In addition to lobbying expenses, campaign contributions by telecommunications firms and industry executives to federal and state candidates and parties also have jumped significantly after the law's enactment.

Since 1991, the year when telecommunications reform legislation began moving in Congress, the industry has contributed $48 million to federal candidates and party committees. Nine industry giants account for $42.1 million, or 88 percent, of that total, with five firms – AT&T, Bell Atlantic, SBC, BellSouth Corp. and Ameritech – making 63 percent of all contributions.

The $100 billion local phone industry, dominated by companies including the Bells and GTE, contributed $27.7 million of that amount. The $70 billion long-distance industry, led by carriers including AT&T, MCI and Sprint, spent $16.1 million.

Top givers during the 1997-98 season were AT&T ($1.9 million) Bell Atlantic ($1.6 million), BellSouth ($1.6 million), SBC ($1.2 million) and MCI ($964,348).

During the most recent presidential election season, 1995-96, the telecommunications industry donated $16.6 million to campaigns, nearly double the $9.1 million spent in the 1991-92 presidential campaign season and the $8.9 million spent in the 1993-94 season.

South Carolina Sen. Ernest F. Hollings, the ranking Democrat on the Commerce Committee and a sponsor of the 1996 law, was the top recipient of telecom campaign contributions, with $107,446 in individual contributions and $164,763 in PAC donations. Hollings, who survived a difficult reelection battle, raised a total of $4 million for his campaign, according to Makinson.

Sen. John McCain of Arizona, who chairs the Commerce Committee that overseas telecommunications issues, was the leading Republican recipient of phone industry contributions, with $240,850.

Most of the recent overall increase in donations is in the form of so-called "soft-money" contributions, which is money going to party campaign committees. The companies donated $1.1 million to the Democratic party in the 1994 national election cycle, but that number shot up to $3.9 million during the 1996 presidential election cycle and was up to $2.3 million as of Oct. 14 for the 1998 season. Republicans received $902,884 in soft-money contributions in the 1994 cycle and $3.4 million in the 1996 presidential election period. As of Oct. 14, GOP candidates received $3.6 million in soft-money contributions for the 1997-98 season.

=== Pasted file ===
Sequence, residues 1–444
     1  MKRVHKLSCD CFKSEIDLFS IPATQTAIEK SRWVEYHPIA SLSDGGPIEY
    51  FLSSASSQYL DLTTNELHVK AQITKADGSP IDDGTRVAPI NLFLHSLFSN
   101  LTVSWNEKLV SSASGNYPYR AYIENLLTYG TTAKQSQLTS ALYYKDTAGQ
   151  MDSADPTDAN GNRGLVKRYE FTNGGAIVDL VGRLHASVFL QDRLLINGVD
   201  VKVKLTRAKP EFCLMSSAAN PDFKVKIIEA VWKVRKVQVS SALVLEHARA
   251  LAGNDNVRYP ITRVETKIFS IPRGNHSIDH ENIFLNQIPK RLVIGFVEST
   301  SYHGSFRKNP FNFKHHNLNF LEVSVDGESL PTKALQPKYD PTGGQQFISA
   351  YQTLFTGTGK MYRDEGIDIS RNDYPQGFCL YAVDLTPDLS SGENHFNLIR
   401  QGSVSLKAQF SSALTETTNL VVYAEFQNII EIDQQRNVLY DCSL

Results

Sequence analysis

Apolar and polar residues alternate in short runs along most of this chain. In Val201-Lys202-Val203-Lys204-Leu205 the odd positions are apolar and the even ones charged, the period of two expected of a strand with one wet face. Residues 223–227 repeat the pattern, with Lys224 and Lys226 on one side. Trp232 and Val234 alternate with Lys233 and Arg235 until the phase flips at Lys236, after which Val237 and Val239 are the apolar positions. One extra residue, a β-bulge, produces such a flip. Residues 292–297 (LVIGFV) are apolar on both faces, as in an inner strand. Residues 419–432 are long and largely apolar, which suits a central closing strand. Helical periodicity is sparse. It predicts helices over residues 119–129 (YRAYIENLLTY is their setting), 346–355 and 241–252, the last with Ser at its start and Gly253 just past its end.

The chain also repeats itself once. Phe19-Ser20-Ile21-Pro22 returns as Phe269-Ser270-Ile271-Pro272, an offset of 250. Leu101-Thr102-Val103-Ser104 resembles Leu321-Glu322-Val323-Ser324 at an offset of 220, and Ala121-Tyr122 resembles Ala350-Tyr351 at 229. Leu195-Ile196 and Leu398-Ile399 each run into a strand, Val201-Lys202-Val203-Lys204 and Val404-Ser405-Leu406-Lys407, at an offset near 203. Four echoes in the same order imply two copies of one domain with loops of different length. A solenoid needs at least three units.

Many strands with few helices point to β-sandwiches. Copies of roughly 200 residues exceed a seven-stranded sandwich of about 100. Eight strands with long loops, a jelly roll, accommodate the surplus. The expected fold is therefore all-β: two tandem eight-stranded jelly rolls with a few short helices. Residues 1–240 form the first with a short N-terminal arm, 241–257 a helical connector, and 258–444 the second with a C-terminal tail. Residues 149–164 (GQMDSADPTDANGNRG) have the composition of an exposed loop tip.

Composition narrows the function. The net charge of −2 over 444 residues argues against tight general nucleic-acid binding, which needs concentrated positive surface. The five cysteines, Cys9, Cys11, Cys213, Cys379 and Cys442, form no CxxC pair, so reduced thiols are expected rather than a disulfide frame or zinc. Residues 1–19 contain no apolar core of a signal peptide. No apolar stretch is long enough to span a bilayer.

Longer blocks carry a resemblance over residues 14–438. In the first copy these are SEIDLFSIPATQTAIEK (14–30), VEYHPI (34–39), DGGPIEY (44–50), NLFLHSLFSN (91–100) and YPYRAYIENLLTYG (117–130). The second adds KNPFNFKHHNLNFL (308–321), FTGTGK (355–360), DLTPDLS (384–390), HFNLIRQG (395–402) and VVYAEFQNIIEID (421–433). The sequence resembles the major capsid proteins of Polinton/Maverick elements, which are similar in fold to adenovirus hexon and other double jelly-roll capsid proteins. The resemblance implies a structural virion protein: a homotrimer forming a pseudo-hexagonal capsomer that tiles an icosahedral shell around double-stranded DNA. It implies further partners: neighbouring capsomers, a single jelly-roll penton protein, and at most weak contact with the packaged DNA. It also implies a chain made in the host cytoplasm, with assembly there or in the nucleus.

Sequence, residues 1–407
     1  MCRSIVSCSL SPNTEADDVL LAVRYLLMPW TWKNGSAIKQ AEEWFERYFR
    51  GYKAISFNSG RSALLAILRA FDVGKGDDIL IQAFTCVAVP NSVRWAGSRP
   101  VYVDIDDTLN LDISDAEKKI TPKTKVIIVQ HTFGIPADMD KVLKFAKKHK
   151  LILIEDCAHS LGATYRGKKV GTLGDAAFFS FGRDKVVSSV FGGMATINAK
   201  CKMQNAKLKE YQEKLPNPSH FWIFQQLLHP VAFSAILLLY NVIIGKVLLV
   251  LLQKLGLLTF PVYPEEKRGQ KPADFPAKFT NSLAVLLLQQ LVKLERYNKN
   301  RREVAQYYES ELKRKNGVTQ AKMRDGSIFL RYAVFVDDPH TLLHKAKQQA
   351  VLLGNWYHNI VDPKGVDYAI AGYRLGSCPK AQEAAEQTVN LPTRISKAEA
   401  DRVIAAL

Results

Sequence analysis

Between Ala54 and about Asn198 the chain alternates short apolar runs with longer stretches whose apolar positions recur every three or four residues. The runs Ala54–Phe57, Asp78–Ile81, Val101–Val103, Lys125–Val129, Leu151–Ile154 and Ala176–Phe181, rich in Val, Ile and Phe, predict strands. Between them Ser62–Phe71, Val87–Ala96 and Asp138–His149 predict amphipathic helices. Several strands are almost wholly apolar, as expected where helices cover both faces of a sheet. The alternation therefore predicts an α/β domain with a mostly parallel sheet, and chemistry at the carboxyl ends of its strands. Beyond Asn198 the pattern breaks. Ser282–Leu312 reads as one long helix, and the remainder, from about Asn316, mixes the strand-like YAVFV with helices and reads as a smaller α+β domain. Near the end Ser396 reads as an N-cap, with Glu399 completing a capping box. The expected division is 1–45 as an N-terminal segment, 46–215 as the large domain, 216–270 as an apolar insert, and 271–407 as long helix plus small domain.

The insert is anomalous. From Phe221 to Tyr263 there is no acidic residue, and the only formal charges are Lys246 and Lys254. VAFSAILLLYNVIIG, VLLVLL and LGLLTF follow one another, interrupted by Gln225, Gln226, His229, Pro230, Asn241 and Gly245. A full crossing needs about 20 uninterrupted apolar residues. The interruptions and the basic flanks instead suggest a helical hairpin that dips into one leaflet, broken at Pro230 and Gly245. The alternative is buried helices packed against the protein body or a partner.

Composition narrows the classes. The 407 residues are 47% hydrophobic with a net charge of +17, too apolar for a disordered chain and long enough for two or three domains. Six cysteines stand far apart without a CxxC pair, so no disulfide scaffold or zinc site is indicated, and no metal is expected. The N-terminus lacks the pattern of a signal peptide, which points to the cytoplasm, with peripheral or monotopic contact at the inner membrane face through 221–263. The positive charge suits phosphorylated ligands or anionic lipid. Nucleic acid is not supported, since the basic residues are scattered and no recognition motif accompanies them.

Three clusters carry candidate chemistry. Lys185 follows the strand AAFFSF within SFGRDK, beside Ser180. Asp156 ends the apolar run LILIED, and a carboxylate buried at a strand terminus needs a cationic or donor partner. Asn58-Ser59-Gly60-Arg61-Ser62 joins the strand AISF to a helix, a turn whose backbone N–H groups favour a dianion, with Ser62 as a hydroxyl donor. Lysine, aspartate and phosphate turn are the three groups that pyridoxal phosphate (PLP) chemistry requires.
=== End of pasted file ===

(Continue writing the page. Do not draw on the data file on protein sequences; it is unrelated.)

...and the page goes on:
Contributions by individuals within the telecom industry to lawmakers or parties also accounted for the increase. Democrats got $406,705 from individual contributors in the 1992 presidential election cycle and $791,490 in the 1996 period. Such donations to Republicans for the same periods jumped from $377,691 to $837,532.

President Clinton was the top recipient of contributions from telecom industry individuals from 1991 to Oct. 14, 1998, with $169,800 received. The Republican presidential candidate, Sen. Robert J. Dole, got $73,402 in individual contributions from people at telecommunications firms.

The top congressional recipient of individual telecom contributions was Rep. Edward J. Markey (D-Mass.), a key player on telecommunications issues, who received $124,800 in individual contributions since 1991.

A political action committee seeking to reelect House Commerce Committee ranking Democrat John D. Dingell of Michigan received the most contributions from telecom companies since 1991, $213,630.

Attention and money also shifted to the state level after enactment of the 1996 law. Telecommunications contributors more than doubled their donations to state-level parties and candidates in 1996 and 1997, spending $1 million in each year, compared with $411,694 in 1995. Figures for the 1998 election cycle are not yet available.

Long-distance companies, led by AT&T, MCI and Sprint, contributed $1.4 million to state races from 1995-97, while the Bells, GTE and other local firms donated $999,648.

The Florida Republican Party was by far the largest recipient of telecommunications donations at the state level, with $350,250 in 1995-97 contributions. Florida Democrats ranked second with $191,399. The Missouri Democratic Party ran a distant third with $88,000 in contributions.

Florida was a bellwether state for the telecom industry after the 1996 law, when lawmakers tried – but ultimately failed – to pass legislation that would have raised local phone rates while reducing charges that long-distance carriers pay to local carriers for access to local phone networks. The effort was an attempt to follow through on a key goal of the federal law: to overhaul the complex system of telephone subsidies that ensures universal phone service.

© Copyright 1998 The Washington Post Company